THE BLOG
09/05/2014 11:22 am ET Updated Nov 04, 2014

Joan Rivers, Grieving and Laughter: 4 Tips for Healing after a Loss

I can't believe that Joan Rivers is dead. As someone who has worked in the intensive care unit, I fully expected her to recover and to come out with great stories and jokes about her experience with the healthcare system. She had an indomitable spirit, lifting us up in some of our darkest moments. Although I did not know her personally, I will miss her ability to laugh at her own foibles -- she dared to be hilarious at a time when women were told they couldn't be funny, and to do so with style.

Joan Rivers overcame adversity, and yet sought humor in every situation. She was quick with quips about others, but also the first to make fun of herself. She made jokes about then-taboo topics like abortion and being gay in the 1960's before they were openly discussed, diffusing taboo subjects with humor so they could be brought into the light. One of my favorites regarding plastic surgery was, "I have had so much plastic surgery that when I die they will donate my body to Tupperware." She healed from personal tragedies in her life, such as her husband's suicide, with laughter and jokes, her brash humor letting those around her know that she would survive. About Joan's mother's death, she said, "When my mother died, I kept going by doing joke after joke. I get rid of things through very black humor." Laughter is unifying and desperately needed at times of stress, including during grief.

I know that it can be difficult to bring laughter back into your life following a significant loss. Many people who are grieving even feel that they shouldn't laugh, that others would judge them. As with most aspects of your grief journey, you will heal as you let yourself experience all of the emotions on life's spectrum, and you will find yourself laughing when you are ready. Joan's daughter, Melissa, said, "My mother's greatest joy in life was to make people laugh. Although that is difficult to do right now, I know her final wish would be that we return to laughing soon." Following Joan River's own desire for others to laugh, below are some tips for easing back into laughter following a loss.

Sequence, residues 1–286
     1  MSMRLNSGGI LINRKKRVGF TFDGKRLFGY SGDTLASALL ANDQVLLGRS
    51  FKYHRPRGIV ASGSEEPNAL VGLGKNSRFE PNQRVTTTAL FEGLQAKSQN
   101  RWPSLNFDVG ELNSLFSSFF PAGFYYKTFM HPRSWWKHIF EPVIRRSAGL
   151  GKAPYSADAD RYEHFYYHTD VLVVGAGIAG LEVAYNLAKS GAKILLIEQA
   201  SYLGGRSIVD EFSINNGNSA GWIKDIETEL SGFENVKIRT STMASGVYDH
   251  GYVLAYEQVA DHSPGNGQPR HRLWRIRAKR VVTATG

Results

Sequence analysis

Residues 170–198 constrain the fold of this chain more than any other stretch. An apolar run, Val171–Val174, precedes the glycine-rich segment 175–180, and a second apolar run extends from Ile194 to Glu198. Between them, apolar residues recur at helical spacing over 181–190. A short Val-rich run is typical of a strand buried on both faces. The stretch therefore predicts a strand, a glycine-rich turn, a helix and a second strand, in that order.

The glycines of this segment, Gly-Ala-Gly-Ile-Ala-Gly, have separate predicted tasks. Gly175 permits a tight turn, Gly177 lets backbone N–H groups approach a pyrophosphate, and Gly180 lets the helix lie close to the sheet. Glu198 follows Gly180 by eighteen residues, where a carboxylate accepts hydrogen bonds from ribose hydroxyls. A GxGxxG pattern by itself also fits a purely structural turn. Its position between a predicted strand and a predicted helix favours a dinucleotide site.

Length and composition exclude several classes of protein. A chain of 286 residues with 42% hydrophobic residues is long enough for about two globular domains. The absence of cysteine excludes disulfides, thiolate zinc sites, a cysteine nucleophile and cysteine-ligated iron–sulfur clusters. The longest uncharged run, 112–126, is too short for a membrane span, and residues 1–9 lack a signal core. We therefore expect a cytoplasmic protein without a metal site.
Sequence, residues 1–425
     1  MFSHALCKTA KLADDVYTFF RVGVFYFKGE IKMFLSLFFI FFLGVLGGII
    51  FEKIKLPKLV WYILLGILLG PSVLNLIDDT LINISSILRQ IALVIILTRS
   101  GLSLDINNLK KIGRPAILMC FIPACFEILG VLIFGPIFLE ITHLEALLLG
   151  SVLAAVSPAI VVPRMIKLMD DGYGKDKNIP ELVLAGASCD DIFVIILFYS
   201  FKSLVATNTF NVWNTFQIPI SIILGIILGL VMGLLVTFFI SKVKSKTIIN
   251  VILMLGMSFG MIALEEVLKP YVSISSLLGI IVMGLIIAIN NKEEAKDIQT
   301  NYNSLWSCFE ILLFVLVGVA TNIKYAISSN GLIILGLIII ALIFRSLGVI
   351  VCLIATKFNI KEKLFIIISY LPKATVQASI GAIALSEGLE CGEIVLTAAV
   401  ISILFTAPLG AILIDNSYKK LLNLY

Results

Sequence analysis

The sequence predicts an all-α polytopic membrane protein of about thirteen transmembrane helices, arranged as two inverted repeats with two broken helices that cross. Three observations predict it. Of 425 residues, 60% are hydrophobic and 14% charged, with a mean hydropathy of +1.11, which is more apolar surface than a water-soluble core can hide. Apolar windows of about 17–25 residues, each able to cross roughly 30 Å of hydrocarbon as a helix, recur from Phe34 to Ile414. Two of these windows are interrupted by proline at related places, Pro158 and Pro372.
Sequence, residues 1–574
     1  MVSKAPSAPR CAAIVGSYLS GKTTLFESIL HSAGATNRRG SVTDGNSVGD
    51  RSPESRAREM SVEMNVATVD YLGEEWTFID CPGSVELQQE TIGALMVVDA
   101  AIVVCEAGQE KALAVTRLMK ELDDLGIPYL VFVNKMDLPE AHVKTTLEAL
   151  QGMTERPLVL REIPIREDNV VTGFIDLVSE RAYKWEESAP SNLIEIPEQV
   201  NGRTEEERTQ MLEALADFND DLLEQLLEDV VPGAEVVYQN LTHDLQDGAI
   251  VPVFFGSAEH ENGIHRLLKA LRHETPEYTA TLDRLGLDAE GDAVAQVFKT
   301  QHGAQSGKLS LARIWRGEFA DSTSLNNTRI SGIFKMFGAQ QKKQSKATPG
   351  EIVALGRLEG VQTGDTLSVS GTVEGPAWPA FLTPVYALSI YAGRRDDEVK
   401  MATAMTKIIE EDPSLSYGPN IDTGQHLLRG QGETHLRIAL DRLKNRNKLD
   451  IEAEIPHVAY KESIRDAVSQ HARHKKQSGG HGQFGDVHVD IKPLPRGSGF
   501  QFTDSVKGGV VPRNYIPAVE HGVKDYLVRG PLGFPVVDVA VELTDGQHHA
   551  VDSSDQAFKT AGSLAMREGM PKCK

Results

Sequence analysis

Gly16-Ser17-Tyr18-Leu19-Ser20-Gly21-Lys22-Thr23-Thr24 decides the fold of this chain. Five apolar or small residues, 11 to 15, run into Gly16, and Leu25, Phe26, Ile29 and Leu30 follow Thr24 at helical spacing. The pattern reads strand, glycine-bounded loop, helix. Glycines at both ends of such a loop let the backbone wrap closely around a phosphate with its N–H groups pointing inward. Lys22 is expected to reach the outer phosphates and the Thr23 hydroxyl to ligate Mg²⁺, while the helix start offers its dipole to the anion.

How to Return to Laughter after a Loss:

  1. Watch a comedy. Find a list of "50 Funniest Movies of All-time" online and start working your way through them. If you have never seen "Bridesmaids" or "Dumb and Dumber," "Bringing Up Baby," or "What's Up, Doc?" pick one and see if you can make it through without laughing, or at least smiling.
  2. Find a Laughter Yoga group near you. Dr. Madan Kataria, a laughter guru, says that the practice can be particularly useful in grief: "Laughter exercises coupled with deep breathing changes the physiology, thereby changing the mood state and helping a person to view the situation differently. It is a cathartic exercise which helps release pent up feelings and makes people emotionally balanced."
  3. Keep a box of index cards close at hand, and when a happy memory of your loved one comes back to you, write it down. Keep them together and when you are feeling especially blue you can reread them.
  4. Share stories with others. George Bonanno, a Professor of Clinical Psychology at Columbia University, tells us that certain cultures value joyously celebrating the life rather than focusing on the present sadness, "African cultures tell lascivious tales about the deceased, and in South America, former Surinam slaves have a story-telling feast that can go on for two weeks." You may not be able to gather a group for weeks, but hold story-telling evenings with others who were closed to your loved one, perhaps sharing your funniest stories about that person.

For more ideas on rediscovering laughter, Christa Scalies, author of the e-book Suicide Sucks: Move through the Pain of Suicide Loss and Learn to Laugh Again, was a guest on the Open to Hope radio show and shares tips on how to ease grief through laughter. I know how working together can knit the mother-daughter bond even closer, as I collaborate daily with my daughter, Dr. Heidi Horsley, for Open to Hope, co-hosting our radio and television shows. My heart goes out to Melissa Rivers and her family as they grieve the loss of this courageous and inimitable woman. I know she will be deeply missed.